In the present illustration the master data is displayed. The user has determined that the field in the image "Dir", 470 has caused a difference to be determined. The field "Dir" identifies the directory the working directory, where the tests are executed. The directory may change for reasons unrelated to the pass or failure status of a test such as a different user running the test from his local directory. In order to avoid a failure status due to a change of working directory, the "Dir" field is masked. To create a mask, the coordinates of the outline of the mask is communicated to the review module. For example, the user can use the mouse and pointer to select the region by clicking on the upper left and lower right corners of the area to be masked. Preferably the review module responds by highlighting the masked area 480. The mask information is stored in the same file as the master data. An example of the mask data stored is illustrated by FIG. 10b. When the test is replayed and a comparison is performed, the compare module reviews the master data file and first determines if any masks exist for the present comparison. The comparison module will then eliminate from the comparison any portions of data defined by the masks.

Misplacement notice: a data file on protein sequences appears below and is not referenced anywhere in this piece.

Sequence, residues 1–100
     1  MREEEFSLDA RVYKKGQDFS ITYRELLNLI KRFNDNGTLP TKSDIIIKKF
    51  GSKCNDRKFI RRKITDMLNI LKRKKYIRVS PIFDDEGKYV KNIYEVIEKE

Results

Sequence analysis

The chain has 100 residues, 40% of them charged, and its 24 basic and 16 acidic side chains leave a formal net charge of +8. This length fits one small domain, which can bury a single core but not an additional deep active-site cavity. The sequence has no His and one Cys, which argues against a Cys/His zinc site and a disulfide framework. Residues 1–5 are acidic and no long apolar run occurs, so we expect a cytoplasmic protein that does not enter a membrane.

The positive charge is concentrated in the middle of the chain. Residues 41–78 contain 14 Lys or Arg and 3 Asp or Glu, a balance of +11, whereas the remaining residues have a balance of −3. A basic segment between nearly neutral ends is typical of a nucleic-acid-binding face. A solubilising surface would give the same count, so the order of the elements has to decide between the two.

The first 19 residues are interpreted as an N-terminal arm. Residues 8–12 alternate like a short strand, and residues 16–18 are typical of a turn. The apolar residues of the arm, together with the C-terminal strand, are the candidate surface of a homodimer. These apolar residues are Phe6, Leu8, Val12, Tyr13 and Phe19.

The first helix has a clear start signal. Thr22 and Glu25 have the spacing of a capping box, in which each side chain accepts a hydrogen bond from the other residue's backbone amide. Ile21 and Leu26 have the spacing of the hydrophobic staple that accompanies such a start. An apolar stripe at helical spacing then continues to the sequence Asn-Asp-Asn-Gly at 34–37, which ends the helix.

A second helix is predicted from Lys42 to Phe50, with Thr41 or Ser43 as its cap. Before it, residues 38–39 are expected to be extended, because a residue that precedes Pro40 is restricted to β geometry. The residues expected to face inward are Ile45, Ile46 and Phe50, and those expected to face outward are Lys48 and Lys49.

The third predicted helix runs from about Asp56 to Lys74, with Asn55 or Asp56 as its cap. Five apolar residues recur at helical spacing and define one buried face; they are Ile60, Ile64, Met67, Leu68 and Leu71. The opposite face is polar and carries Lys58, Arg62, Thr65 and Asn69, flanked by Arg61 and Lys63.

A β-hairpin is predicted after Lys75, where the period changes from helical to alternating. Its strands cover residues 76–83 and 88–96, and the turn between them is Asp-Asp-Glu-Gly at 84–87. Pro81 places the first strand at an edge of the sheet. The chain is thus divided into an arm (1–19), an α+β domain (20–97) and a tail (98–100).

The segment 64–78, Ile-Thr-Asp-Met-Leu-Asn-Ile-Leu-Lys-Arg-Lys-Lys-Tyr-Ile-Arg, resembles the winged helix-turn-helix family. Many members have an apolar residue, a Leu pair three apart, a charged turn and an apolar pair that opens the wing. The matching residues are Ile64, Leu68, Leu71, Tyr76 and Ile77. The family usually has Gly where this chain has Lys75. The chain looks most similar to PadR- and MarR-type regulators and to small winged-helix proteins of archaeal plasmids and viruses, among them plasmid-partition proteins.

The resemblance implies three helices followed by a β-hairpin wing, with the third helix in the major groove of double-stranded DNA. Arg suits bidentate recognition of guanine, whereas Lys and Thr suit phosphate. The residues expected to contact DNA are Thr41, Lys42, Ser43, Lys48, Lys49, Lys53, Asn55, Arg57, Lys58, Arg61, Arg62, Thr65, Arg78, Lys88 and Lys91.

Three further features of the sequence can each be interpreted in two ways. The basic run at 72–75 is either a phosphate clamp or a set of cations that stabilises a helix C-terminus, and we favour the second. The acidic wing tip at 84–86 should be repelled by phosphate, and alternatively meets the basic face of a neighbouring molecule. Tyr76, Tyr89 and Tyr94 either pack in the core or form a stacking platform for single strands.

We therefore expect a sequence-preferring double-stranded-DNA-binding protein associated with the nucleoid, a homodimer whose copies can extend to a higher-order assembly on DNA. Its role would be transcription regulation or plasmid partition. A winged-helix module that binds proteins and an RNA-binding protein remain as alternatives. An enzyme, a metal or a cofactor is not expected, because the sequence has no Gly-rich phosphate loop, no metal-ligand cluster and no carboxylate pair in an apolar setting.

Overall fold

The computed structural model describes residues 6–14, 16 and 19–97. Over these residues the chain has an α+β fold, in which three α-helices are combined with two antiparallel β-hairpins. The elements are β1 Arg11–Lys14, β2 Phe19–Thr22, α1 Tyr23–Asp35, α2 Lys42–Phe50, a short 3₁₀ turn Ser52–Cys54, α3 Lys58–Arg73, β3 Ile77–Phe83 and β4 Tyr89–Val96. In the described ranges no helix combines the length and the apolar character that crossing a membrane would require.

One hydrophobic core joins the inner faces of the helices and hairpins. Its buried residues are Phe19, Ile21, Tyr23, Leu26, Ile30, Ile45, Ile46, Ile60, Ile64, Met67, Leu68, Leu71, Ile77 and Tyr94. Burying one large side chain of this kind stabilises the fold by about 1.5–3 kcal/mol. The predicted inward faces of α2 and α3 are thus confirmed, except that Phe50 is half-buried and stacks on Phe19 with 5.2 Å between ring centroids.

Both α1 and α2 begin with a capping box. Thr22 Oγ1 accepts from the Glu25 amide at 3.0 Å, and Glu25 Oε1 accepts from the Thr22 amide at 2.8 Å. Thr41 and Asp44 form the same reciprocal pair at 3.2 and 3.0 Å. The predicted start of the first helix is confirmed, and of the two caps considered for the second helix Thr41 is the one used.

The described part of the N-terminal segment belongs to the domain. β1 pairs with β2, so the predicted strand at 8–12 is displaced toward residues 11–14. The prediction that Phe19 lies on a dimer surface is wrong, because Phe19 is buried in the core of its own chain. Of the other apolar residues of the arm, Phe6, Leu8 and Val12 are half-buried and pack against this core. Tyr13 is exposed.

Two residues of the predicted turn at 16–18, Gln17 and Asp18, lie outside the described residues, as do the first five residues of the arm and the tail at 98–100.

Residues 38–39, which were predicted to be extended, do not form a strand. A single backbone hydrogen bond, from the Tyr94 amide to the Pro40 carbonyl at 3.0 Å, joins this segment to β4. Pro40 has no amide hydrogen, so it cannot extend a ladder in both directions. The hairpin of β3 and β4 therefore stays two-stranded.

The review module may be created to provide a single feature such as review of the differences or may be created to provide a variety of features as is shown in the review module menu of FIG. 10a. Another feature which is preferably included with in the review module is the "update expected" feature. Selection of this menu item will cause the master data to be replaced with the actual data. This may be desirable when the master data is no longer current because of data or system changes and the actual data is the correct data to be compared.